In this episode we talk with Daniel and Steve about their experience with event-driven systems and shed some light on what they are and who they might be for. We explore topics like the complexity of setting up an event-driven system, the need to embrace eventual consistency, useful tools for building event-driven systems, and more.
Programmers are taught very early on about the importance of organizing their code. Whether it is naming variables and functions, or naming and organizing files, this is a topic covered early in nearly every programming course.
All of this begs the question: why is it so damn hard to figure out how to structure Go code?
Perspectives from both the workshop leaders perspective, as well as the workshop participants. What are some top tips, things to watch out for, and ways to innovate and keep your participants engaged, especially in the remote world we are now living in.
Startups are all about iterating quickly, building MVPs, and finding that elusive product market fit, so how does Go fit into that picture? Is Go a good choice for startups, or is it exclusively for the larger corporations? In this episode Jon is joined by four startup founders to learn about their experience building a startup with Go.
The internet wouldn’t exist as we know it if it weren’t for TCP and UDP, yet many developers don’t quite understand the technology powering the web. In this episode we talk with Adam Woodbeck, author of Network Programming with Go, to learn about TCP and UDP; what they are, how they work, and how one can experiment with tools like Wireshark and Go to learn more.
Encore uses static analysis and code generation to reduce the boilerplate you have to write, resulting in an extremely productive developer experience.
The Call for Proposals for GopherCon 2021 is open from Monday, April 5th to Sunday, April 25th. Kris Brandow, an experienced GopherCon speaker, has published a series of guides to assist Gophers as they craft their proposals and think about submitting.
In this episode Kris reads through his guide, discussing the four parts with a GopherCon newbie, Angelica Hill, who spoke for the first time at GopherCon last year, and is a first time CFP reviewer this year.
Testing can be hard, how to test, where to test, what is a good test? All questions that can be deceptively difficult to answer. In this episode we talk about the trials and tribulations of testing and why it can be argued to be especially difficult in Go.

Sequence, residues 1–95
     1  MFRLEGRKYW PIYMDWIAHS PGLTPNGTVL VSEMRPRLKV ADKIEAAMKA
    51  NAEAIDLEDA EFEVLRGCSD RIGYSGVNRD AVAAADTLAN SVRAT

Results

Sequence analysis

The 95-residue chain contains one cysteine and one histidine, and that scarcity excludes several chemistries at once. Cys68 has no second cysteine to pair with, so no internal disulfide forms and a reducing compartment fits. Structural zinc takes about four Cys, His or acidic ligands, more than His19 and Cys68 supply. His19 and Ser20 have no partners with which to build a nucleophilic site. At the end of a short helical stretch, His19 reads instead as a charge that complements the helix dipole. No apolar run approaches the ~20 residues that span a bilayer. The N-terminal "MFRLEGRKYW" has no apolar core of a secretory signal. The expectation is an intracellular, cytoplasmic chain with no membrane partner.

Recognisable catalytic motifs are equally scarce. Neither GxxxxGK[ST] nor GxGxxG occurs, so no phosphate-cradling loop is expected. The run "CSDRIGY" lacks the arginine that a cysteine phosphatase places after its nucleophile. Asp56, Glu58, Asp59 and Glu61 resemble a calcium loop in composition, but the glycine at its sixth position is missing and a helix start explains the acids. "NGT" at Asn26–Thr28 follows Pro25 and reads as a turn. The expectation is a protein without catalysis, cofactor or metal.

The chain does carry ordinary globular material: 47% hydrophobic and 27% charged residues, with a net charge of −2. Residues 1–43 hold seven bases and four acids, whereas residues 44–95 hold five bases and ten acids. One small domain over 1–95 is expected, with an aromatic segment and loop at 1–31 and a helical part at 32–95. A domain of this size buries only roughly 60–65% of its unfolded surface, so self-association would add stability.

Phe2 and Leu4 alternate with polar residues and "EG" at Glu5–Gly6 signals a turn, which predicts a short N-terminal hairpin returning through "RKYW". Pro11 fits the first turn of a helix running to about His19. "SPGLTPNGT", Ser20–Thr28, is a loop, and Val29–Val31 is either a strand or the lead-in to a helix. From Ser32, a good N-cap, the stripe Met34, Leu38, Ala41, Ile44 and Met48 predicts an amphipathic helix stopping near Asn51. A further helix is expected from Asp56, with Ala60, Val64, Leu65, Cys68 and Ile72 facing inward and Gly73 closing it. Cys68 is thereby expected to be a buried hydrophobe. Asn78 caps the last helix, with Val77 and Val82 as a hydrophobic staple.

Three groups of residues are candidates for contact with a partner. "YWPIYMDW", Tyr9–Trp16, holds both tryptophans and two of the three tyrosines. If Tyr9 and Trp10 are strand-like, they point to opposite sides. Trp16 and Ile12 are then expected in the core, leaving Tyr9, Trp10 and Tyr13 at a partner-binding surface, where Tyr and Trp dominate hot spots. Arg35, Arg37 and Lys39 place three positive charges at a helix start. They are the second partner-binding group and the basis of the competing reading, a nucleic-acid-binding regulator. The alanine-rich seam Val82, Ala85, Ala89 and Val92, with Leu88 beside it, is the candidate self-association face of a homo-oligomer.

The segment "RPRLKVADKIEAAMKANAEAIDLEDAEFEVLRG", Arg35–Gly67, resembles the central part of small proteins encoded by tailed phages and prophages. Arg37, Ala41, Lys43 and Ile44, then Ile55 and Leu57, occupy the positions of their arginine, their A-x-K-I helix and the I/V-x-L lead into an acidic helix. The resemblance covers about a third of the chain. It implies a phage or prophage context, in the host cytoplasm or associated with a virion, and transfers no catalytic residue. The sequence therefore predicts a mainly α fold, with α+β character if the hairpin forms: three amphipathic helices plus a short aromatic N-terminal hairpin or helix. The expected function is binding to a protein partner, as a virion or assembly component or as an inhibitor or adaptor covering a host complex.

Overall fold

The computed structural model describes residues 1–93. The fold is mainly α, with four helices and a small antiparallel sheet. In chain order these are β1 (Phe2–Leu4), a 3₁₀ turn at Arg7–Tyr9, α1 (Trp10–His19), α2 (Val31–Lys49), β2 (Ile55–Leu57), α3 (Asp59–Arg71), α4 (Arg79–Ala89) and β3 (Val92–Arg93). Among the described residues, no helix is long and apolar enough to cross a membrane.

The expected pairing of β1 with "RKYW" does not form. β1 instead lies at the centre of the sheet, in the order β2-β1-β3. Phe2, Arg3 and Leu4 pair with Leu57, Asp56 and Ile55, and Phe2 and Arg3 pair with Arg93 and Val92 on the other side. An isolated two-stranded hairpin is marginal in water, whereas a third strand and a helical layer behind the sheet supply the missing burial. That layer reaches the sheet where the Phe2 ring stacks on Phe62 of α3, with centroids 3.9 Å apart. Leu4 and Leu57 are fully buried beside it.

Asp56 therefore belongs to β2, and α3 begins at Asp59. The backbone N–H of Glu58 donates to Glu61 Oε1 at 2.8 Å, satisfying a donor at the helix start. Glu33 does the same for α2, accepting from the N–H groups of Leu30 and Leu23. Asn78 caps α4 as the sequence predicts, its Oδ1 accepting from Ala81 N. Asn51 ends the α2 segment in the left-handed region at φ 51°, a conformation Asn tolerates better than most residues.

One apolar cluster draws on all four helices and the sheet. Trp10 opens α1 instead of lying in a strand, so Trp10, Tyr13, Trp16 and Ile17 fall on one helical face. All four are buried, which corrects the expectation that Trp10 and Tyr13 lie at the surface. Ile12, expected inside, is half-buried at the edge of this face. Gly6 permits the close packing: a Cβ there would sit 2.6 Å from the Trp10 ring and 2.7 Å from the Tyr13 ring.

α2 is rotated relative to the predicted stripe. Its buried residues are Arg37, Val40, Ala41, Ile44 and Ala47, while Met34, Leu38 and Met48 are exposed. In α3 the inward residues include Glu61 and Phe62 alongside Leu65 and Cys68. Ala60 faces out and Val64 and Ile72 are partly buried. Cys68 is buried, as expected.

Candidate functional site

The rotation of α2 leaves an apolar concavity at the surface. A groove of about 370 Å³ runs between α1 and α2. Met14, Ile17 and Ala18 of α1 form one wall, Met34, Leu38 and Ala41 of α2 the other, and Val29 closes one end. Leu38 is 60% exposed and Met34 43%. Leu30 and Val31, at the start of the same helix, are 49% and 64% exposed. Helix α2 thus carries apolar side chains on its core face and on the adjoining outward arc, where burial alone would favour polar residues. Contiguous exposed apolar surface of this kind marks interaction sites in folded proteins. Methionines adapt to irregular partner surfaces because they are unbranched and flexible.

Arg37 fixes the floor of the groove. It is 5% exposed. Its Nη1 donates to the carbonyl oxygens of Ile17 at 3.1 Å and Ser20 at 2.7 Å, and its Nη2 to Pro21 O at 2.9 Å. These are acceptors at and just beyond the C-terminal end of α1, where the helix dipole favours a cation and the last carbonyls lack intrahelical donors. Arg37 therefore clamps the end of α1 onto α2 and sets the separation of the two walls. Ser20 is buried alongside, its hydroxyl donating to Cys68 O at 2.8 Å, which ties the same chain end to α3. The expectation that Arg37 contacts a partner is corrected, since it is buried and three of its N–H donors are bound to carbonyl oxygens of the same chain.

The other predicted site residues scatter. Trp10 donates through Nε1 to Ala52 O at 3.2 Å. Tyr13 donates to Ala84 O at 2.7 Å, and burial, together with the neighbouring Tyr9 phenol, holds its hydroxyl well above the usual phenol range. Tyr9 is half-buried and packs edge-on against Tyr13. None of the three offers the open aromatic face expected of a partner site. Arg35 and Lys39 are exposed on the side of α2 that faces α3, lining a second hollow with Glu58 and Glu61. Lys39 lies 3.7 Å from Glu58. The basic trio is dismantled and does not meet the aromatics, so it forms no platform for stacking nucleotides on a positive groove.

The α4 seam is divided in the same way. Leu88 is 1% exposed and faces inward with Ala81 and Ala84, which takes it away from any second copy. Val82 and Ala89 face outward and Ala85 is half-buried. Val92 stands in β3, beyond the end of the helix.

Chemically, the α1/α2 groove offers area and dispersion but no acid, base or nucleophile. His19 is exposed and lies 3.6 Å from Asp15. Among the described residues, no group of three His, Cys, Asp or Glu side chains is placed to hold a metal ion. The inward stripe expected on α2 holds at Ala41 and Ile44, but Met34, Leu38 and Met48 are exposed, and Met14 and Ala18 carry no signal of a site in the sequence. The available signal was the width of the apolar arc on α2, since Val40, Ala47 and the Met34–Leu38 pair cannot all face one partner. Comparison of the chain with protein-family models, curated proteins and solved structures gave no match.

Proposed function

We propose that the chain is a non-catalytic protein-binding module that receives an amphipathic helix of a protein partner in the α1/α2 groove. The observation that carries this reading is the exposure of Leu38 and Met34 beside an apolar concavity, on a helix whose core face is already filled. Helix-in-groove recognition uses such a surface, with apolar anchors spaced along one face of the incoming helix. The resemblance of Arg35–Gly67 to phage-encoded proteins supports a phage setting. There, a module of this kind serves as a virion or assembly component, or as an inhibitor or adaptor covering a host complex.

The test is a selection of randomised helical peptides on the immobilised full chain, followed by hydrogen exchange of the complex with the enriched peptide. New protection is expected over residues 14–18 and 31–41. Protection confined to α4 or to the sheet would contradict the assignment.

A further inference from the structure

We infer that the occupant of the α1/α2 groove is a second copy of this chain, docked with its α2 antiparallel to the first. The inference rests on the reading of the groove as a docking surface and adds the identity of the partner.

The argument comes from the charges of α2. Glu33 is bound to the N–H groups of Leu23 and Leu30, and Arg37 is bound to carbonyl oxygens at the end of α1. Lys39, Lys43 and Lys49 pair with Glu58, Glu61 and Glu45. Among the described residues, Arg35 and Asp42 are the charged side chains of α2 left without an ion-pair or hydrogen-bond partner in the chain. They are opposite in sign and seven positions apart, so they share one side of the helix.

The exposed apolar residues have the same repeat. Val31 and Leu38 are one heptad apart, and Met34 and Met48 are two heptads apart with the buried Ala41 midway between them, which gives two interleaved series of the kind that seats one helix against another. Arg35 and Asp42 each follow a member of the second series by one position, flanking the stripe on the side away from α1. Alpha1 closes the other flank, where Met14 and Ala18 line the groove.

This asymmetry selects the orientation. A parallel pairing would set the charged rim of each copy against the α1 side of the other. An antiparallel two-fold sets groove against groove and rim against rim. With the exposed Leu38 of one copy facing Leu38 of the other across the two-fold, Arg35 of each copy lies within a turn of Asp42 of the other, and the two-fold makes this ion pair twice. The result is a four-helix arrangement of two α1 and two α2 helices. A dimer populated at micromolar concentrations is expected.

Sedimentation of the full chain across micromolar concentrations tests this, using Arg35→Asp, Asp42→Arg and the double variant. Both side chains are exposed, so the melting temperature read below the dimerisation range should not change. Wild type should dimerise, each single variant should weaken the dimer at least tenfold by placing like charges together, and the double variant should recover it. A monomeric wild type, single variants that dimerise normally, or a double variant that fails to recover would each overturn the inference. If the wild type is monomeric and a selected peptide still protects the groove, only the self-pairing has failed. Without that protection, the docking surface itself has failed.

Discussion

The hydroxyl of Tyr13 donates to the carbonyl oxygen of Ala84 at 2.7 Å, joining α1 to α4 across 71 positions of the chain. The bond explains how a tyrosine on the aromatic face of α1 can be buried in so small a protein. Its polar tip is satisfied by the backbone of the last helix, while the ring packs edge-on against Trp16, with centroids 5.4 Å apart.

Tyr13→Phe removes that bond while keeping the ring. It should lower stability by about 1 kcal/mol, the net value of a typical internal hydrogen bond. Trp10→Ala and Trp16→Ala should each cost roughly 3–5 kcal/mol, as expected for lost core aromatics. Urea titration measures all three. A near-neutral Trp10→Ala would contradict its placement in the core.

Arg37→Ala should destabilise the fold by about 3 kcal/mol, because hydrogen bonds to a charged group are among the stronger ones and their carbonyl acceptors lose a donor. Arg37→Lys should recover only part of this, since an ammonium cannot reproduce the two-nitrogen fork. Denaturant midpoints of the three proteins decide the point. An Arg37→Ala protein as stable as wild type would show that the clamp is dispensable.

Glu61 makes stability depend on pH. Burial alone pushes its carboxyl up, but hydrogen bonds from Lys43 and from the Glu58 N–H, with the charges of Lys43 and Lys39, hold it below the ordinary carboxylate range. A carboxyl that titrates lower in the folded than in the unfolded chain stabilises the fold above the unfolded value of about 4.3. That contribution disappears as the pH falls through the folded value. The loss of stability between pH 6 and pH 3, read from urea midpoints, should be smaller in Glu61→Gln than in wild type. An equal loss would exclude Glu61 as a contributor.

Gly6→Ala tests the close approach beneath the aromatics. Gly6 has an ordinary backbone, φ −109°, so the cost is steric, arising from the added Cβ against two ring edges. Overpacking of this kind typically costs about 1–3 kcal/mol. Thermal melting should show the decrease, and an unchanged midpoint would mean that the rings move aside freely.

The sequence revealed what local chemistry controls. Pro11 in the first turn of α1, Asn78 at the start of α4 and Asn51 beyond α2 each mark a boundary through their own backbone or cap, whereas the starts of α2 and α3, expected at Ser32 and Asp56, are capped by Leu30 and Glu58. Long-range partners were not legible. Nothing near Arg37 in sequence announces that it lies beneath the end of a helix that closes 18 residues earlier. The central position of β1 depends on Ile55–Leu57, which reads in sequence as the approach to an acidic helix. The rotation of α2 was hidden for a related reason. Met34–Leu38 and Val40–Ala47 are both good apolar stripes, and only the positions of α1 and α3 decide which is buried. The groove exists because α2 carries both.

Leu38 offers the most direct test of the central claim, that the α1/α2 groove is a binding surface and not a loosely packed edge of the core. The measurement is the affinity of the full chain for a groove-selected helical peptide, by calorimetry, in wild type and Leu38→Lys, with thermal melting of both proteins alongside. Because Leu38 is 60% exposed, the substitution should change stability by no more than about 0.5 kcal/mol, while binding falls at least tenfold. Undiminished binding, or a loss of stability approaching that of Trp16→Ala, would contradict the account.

Lip Gloss takes an expressive, declarative approach to terminal rendering. Users familiar with CSS will feel at home with Lip Gloss.
I love how much love is going in to terminal UIs these days 👏
This week Alexander Neumann takes Jerod on a tour of Restic, the world-class backup solution that’s fast, secure, and cross-platform. We discuss why he created Restic in the first place, how (and why you should) you use it, some of its more interesting technical bits, lessons learned over the years building and maintaining a community, and more of course.
Carlos Alexandro Becker joins Mat, Natalie, & Johnny to discuss the ins and outs of releasing your Go code. Carlos created and maintains GoReleaser, a popular tool that helps you deliver your Go binaries as fast and easily as possible.
Mat Ryer just finished a complete rewrite of his popular BitBar mac menu bar appusing Wails (which you may have heard about on Go Time) and there are hundreds of pre-built plugins for you to choose from. ✨
In this insight-filled episode, Bill Kennedy joins Johnny and Kris to discuss best practices around the design of software in Go. Bill talks through scenarios, lessons learned, and pitfalls to avoid in both architecture and coding of Go projects.
I wouldn’t advise obsessing over your GitHub stats, but if you’re going to do it anyway… might as well do it with this rad looking terminal UI! 😆
Carl (Director of Technology for Spotlight PA) and Wayne (Principal Engineer at GoDaddy) join Mat and Mark to talk about the new go:embed feature in Go 1.16. They discuss how and when to use it, common gotchas to watch out for, and some rather meaty unpopular opinions thrown in for good measure.
In other jobs, we’ve used docker and it’s worked out just fine (for the most part… there was that time the RedHat filesystem on our prod server got mysteriously hosed – maybe it wasn’t docker’s fault.) But no, the reason we don’t use docker is because we don’t need it. Literally. Writing golang web services and static html embedded with with golang 1.16’s new //embed directive, we end up with a single deployable binary.